The report concluded that the military had no way of confirming that military commanders were meeting DoD separation requirements.

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Comments (11)

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  1. Sgt. Austin Bell says:

    Are there groups who defend soldiers whose “command” knowingly
    and willfully commit such actions as recommending “personality discharges”
    to cause Intentional Infliction of Emotional Distress?

    • Matthew says:

      If you feel there is a deeper issue such as depression/PTSD, you will have to do a lot of research on your own behalf to make the case that the discharge is unjust. This happened to me and I was eventually able to make contact with the Wounded Warrior Project, they were able to advocate for me and eventually got my admin sep overturned so I could have a Medical Evaluation Board package submitted.

    • Susanne says:

      actually there is. me and my husband have just submitted all the paperwork to them to hope they will take the case.
      http://www.nvlsp.org/what-we-do/lawyers-serving-warriors/ this is there website…

      I have done some researches myself the past 3-4weeks on how the BCMR changes the narrative and the REC.. You really need to be prepared and have sufficient evidence if you want to fight the PD discharge… But in most cases the BCMR will change the narrative reason to ‘secretarial authority’ which should help finding proper employment without the PD stamp on your DD214

    • SrA Dawson says:

      Yes, there are multiple organizations out there. I had to find them myself after being retaliated against by a Maj in mental health because I requested for a different provider after she violated HIPAA, DoD regulations, & AFIs and tried to cover it up. Some of these organizations include Disposable Warriors, who Chuck Luther is the founder of. He is personal victim of being wrongfully discharge for PD in a combat zone and was tortured by our own military to sign documents stating he agreed to the discharge. He has been more beneficial to me then any other organization. There is also the CMRN and IG Rights Hotline. If you go to joshuakors.com/military there is numerous amounts of info that may be able to help you. Another list of resources can be found on his site under: joshuakors.com/list. Hope this information helps.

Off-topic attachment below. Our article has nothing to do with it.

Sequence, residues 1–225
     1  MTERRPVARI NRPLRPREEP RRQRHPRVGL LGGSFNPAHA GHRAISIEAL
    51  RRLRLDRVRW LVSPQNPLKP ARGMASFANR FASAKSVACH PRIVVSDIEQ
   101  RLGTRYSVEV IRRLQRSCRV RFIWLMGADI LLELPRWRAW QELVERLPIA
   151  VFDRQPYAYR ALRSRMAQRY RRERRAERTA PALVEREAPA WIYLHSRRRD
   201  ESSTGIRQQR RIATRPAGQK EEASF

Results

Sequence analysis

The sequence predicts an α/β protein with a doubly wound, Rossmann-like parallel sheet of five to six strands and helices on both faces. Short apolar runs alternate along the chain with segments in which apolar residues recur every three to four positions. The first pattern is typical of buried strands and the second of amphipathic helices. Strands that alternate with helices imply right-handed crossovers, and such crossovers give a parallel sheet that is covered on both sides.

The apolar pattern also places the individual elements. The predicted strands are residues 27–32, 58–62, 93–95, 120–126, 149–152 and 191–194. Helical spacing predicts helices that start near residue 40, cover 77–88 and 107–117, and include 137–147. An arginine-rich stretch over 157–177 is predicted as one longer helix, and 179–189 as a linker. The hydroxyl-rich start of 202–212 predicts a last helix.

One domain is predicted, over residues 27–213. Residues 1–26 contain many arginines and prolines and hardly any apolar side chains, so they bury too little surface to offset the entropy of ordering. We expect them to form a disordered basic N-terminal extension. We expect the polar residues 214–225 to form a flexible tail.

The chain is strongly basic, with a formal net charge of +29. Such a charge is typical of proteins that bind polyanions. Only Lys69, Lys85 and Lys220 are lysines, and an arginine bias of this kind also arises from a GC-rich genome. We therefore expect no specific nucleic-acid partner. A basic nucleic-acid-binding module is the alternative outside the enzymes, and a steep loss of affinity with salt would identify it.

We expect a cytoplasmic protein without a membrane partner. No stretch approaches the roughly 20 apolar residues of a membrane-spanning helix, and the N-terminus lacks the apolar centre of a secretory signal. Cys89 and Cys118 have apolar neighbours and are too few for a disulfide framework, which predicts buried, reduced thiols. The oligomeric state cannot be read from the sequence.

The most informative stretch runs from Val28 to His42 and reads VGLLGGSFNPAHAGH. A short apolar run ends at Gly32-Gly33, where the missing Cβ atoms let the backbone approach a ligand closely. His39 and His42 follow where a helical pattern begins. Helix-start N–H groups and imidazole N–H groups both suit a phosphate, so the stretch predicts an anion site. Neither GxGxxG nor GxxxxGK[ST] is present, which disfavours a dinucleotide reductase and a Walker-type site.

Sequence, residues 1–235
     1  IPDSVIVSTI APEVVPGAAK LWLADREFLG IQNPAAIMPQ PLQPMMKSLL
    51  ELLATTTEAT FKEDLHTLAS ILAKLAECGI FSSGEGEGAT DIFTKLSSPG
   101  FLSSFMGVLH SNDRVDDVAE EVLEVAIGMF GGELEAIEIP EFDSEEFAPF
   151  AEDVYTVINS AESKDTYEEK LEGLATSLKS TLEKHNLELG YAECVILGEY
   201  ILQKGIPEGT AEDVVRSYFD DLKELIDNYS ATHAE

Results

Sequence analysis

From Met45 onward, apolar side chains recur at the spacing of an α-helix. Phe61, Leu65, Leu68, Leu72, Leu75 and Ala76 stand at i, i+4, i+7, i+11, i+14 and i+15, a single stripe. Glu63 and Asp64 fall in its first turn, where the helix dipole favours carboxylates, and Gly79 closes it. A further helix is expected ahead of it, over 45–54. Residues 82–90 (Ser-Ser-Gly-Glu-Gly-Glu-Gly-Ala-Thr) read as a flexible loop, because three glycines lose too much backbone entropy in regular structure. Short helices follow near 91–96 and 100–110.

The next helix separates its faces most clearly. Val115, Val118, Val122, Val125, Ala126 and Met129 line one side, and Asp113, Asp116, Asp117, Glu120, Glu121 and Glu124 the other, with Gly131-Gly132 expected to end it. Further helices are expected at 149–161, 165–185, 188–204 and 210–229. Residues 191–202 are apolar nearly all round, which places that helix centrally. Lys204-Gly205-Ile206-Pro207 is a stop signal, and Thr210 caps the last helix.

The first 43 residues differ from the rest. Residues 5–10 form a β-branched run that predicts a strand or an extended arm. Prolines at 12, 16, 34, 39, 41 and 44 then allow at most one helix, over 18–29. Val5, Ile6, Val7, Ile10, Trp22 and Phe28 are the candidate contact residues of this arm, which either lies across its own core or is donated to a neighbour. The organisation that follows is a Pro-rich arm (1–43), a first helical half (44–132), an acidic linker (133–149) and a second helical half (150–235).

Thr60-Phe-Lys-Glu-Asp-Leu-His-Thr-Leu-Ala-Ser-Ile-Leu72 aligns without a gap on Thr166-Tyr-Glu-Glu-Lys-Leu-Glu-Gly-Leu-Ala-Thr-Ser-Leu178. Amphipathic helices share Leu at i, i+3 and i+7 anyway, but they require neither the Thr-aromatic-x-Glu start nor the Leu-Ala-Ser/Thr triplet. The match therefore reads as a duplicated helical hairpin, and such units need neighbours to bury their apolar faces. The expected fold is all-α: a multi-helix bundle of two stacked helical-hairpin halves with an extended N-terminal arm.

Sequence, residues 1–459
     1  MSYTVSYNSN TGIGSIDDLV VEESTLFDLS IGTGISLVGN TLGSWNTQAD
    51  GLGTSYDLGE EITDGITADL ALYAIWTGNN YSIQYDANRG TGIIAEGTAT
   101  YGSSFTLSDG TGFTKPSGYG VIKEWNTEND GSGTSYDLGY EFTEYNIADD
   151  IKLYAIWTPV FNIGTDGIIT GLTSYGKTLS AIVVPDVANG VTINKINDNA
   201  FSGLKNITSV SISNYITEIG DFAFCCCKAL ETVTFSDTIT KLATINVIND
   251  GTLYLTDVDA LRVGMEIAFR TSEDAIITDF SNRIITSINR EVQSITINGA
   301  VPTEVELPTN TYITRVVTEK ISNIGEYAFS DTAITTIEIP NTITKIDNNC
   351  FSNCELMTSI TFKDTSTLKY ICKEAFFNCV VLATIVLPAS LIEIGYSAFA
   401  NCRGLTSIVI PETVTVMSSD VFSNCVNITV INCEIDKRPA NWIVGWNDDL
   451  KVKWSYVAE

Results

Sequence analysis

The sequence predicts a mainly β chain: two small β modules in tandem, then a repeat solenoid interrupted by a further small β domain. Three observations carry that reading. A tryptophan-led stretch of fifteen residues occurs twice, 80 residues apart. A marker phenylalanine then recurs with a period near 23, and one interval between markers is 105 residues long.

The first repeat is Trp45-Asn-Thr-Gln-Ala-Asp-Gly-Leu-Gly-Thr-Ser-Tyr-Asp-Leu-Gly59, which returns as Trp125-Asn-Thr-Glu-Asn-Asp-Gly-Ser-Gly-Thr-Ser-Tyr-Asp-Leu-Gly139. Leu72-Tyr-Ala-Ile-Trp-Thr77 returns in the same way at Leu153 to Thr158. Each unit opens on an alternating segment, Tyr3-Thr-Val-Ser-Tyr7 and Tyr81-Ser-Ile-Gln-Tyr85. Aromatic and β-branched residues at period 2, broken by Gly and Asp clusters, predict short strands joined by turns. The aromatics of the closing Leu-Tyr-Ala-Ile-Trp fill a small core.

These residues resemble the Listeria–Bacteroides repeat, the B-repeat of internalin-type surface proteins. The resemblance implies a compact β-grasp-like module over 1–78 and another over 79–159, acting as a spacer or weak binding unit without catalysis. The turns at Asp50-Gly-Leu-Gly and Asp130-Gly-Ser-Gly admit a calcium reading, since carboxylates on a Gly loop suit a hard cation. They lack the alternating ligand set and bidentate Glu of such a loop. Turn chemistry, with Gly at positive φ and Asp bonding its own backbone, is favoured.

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    Servicemembers Lose Benefits after Improper Discharges for Alleged Personality Disorders : U.S. Medicine

  3. Guy Gambill says:

    You may want to check out the Uniformed Services Justice & Advocacy Group (USJAG).

  4. Eliot says:

    I received a PD discharge in 88. This hasn’t prevented employment or caused other problems.
    However, I received the remainder of my reenlistment bonus after separation.
    Mine was a way for my command to cheat me since I wouldn’t give in to the politics and bullshit to which I was subjected. I challenged another administrative discharge and they went with this. There was no shrink involved…just personnel stamps on the paperwork.